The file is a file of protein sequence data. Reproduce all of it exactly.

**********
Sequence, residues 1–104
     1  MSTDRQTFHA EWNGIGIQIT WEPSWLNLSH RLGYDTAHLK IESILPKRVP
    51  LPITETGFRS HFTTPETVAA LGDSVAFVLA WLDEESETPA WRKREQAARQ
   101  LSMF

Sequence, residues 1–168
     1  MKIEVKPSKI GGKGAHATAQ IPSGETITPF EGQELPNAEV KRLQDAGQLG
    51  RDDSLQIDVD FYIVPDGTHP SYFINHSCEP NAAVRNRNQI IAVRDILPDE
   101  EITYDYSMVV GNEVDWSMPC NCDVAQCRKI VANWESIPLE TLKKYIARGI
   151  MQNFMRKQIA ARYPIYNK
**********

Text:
Sequence, residues 1–104
     1  MSTDRQTFHA EWNGIGIQIT WEPSWLNLSH RLGYDTAHLK IESILPKRVP
    51  LPITETGFRS HFTTPETVAA LGDSVAFVLA WLDEESETPA WRKREQAARQ
   101  LSMF

Sequence, residues 1–168
     1  MKIEVKPSKI GGKGAHATAQ IPSGETITPF EGQELPNAEV KRLQDAGQLG
    51  RDDSLQIDVD FYIVPDGTHP SYFINHSCEP NAAVRNRNQI IAVRDILPDE
   101  EITYDYSMVV GNEVDWSMPC NCDVAQCRKI VANWESIPLE TLKKYIARGI
   151  MQNFMRKQIA ARYPIYNK